Poster Board II-263
The outcomes of related and unrelated donor hematopoietic stem cell transplantations (HSCT) are strongly affected by the degree of human leukocyte antigen (HLA) matching between the transplant recipient and the donor or cord blood unit. HLA matching plays an important role in engraftment, incidence and severity of graft-versus-host disease (GVHD) and also in overall survival; although this factor is still not validated yet in many hematological malignancies.
To evaluate the impact of HLA matching and difference in matching degree among transplants from unrelated donors (UD) on different outcomes in chronic lymphocytic leukemia (CLL).
We have analyzed 370 CLL patients who underwent an allogeneic HSCT reported to the EBMT registry. There were 280 males (75%) and 90 females with a median age of 53 years (24-69). Forty-five patients (12%) have received a previous HSCT. At transplant, 294 among 317 evaluated patients had a good performance status (PS) (93%), 43 patients were in CR (12%), 160 in PR (46%), 44 in SD (13%) and 103 in PD (29%) among 349 evaluated patients. Two hundred and sixty six patients received a reduced intensity conditioning regimen (RIC) and 103 a standard (Std) conditioning; 313 patients received PBSC, 56 BM and 2 cord blood cells from 198 HLA siblings, and 172 unrelated donors (UD). There were 136 (36%) sex-mismatched (91 F/M and 45 M/F), 150 pairs (40%) had an ABO incompatibility (61 minor, 89 major) and for CMV: 78 pairs were +, 146 - and 111 mixed. The median interval between diagnosis and transplantation was 53 months (3-308). According to the registry, there were 198 HLA siblings, 135 matched UD (MUD) and 37 mismatched UD (MMUD). We focused on UD and re-analyzed all HLA typings for patients and donors, after classification we found: 24 well matched (10/10 in high resolution), 28 partially matched (7/7, 8/8 or 9/9 in high resolution), 30 matched in low resolution and 90 mismatched in high resolution, which was different from the registry classification.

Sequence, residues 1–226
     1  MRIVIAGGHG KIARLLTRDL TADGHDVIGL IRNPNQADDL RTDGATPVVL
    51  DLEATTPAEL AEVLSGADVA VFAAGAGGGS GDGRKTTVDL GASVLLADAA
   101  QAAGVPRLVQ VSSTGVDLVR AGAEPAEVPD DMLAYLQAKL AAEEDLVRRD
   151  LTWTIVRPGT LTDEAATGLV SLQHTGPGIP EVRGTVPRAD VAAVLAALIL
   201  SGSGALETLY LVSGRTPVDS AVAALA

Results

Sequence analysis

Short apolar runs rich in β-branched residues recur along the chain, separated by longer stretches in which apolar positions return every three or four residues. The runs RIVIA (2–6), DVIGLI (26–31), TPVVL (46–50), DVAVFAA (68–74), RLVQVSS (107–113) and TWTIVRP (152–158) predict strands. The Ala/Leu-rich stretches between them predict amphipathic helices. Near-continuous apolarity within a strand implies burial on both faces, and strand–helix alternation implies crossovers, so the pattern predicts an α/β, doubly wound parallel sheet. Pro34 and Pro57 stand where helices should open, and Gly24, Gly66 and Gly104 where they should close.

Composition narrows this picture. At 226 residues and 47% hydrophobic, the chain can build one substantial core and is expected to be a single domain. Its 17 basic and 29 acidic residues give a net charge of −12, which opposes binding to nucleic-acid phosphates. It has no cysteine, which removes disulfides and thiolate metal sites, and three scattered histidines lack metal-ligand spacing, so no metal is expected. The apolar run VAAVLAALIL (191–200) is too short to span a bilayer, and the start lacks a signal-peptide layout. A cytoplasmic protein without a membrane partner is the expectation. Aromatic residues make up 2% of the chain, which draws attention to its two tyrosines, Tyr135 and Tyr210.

After transplantation, 359 patients engrafted, 199 developed an AGVHD (gr I: 74, gr II: 79, gr III: 29 and gr IV: 17) and 171 presented a cGVHD (83 limited and 88 extensive). The cumulative incidence of AGVHD for the total population was 22% for gr II and 13% for gr > II. [Siblings: 19% and 12%; well & patially matched: 37% and 10%; low resolution & MMUD: 19.6% and 15.3% for grII & gr > II respectively]. At 1 year after transplant for the total population, the cumulative incidence of limited and extensive cGVHD was 17 % (15-19) and 18.4% (16.4-20.4)[ Siblings: 16.2% (13.6-19) and 17.2% (14.5-20); well & patially matched: 23% (17.2-29) and 23.1% (17.2-29); low resolution & MMUD: 15.8% (12.3-19.1) and 18.3% (14.8-21.8)] respectively. With a median follow up of 48 months, the probability of 3 and 5-years overall survival (OS) for the total population were 62% (56-67) and 52% (45-57) respectively. We found a high significant difference in term of OS between the siblings, well & partially matched groups versus low & MMUD groups (p=0.002) (figure 2). [OS at 3 & 5 years; Siblings: 68.3% (61.8-75.5) and 57.2% (49.8-65.6); well & patially matched: 60.8% (47.6-77.7) and 53.3% (39.2-72.4), low resolution & MMUD: 49% (40.3-59.5) and 38.5% (29.5-50.2) respectively]. We observed also a high significant difference in term of transplant related mortality (TRM) between the same groups (p=0.0022) (figure 4). The multivariate analysis using Cox model studying age, pre-transplant status; gender, PS, cells source, ABO compatibility, conditioning and different HLA groups, showed a significant impact of 4 factors on OS: age: HR=1.04 (1.01-1.6) p=0.001, disease status (PD): HR=3.08 (1.2-7.1) p=0.02, PS: HR=2.37 (1.1-5.1) p=0.02 and HLA MMUD group: HR= 1.62 (1.02-2.59) p=0.03. The same factors were also highly significant in multivariate analysis in term of TRM (age: HR=1.04 (1.001-1.07) p=0.009, disease status (PD): HR=5.49 (1.29-23.4) p=0.02, PS: HR=3.8 (1.7-8.4) p=0.01 and HLA MMUD group: HR= 1.9 (1.07-3.37) p=0.02.
This large retrospective analysis pointed out the high impact of HLA matching in terms of OS and TRM (in addition of age, disease status and PS), without any difference between HLA siblings, MUD and partially matched groups. Moreover, we demonstrated the importance of HLA classification when registering patients in the EBMT registry and its impact on different outcomes.
No relevant conflicts of interest to declare.
Asterisk with author names denotes non-ASH members.